The Bush administration is intensifying pressure on China (search) to revamp a currency system that critics blame for America's swollen trade deficit and the loss of U.S. factory jobs.

But it stopped short of branding the country a manipulator of currency, a move that could lead to economic sanctions.

That disappointed manufacturers, some Democratic and Republican lawmakers and others who contend China is intentionally keeping its currency artificially low to give Chinese companies a competitive edge in international trade.

The Treasury Department (search), however, as part of its twice-a-year report to Congress, warned China on Tuesday that it could be cited as a currency manipulator and face economic sanctions unless it moves swiftly to overhaul its currency policies.

"They went right up to the door, but didn't knock," Sen. Charles Schumer (search), D-N.Y., complained in an interview. "Congress doesn't want any more talk, it wants action."

Schumer said Treasury's failure to designate China a currency manipulator will strengthen efforts by him, Sen. Lindsey Graham (search), R-S.C., and others to get Congress to impose hefty, 27.5 percent penalty tariffs on all Chinese imports unless China changes its currency system.

Over the last two years, the administration has been prodding China to stop linking its currency, the yuan, to the dollar. Other economic powers also have been calling for such a change.

In China, central bank governor Zhou Xiaochuan said no one should expect quick action. "Our measures will only come out after we have done a good feasibility study," he said.

Separately, President Bush (search) said Tuesday that China was not living up to the market-opening promises it made to join the World Trade Organization in late 2001. He urged the country to stop piracy of U.S. intellectual property and lift barriers that keep American goods and services out.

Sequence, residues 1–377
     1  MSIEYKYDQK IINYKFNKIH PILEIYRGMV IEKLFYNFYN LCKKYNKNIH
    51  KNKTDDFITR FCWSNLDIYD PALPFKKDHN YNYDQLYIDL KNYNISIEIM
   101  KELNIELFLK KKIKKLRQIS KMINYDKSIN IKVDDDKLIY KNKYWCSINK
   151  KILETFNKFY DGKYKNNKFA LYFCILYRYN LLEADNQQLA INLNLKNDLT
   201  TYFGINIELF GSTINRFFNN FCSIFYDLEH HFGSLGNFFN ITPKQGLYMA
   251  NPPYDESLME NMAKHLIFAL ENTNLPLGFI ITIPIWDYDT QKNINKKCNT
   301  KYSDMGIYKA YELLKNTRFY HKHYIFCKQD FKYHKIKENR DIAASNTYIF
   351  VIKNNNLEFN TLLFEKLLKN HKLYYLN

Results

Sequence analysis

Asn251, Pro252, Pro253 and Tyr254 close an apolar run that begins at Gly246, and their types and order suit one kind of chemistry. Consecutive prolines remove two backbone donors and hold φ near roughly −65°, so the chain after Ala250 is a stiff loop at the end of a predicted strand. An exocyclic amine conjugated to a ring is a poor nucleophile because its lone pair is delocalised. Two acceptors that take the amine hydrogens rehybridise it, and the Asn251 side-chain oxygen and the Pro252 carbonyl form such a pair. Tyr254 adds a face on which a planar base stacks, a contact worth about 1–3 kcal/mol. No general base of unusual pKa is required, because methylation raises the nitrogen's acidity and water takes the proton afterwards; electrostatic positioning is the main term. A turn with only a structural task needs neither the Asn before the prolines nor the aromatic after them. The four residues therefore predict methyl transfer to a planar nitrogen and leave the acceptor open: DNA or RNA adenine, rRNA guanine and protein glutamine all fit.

A 1988 law requires the Treasury Department to analyze countries' exchange rate policies and determine whether manipulation to gain unfair trade advantages is occurring. A finding that a country has manipulated its currency could ultimately lead to sanctions.

"If current trends continue without substantial alteration, China's policies will likely meet the statute's technical requirements for designation," the department's report said.

American manufacturers say China's system has undervalued the yuan by as much as 40 percent. The weaker yuan makes Chinese goods cheaper in the United States and American products more expensive in China.

Manufacturers have pushed for China to be designated a currency manipulator.

"If this isn't currency manipulation, then what else would ever qualify," said National Association of Manufacturers President John Engler.

The administration has come under increasing pressure as America's trade deficit with China has soared to record levels, hitting $162 billion last year, the largest deficit ever recorded with any country.

The report called China's currency policies "highly distortionary" — posing a risk to, among other things, China's trading partners and global economic growth.

The administration said it would monitor China's progress on moving toward a flexible exchange system "very closely over the next six months" in advance of the Treasury's next currency report to Congress.

Treasury Secretary John Snow, speaking to reporters, wouldn't be pinned down on the timing of a possible designation of China should the country not move ahead as the United States wants it to. He also wouldn't detail how high he would like to see China's currency rise.

"It should be a real step," he said. "It should be something the world can see and know that China means business." He said the time for China to act is now.

For their part, the Chinese still insist they need more time to shore up their banking system so it can withstand the volatility that a flexible currency would introduce.

The China Foreign Exchange Trade Center (search), the central foreign exchange brokerage, on Wednesday began trading eight new foreign currency pairs — a reform that will not affect trading in the yuan or its value.

The new system pairs the U.S. dollar against seven other currencies: the euro, Australian dollar, British pound, Japanese yen, Canadian dollar, Swiss franc and Hong Kong dollar. The eighth new set pairs the euro with the Japanese yen.

Previously, trading by the center was only allowed between the yuan and four other currencies: the U.S. dollar, the Hong Kong dollar, Japanese yen and euro.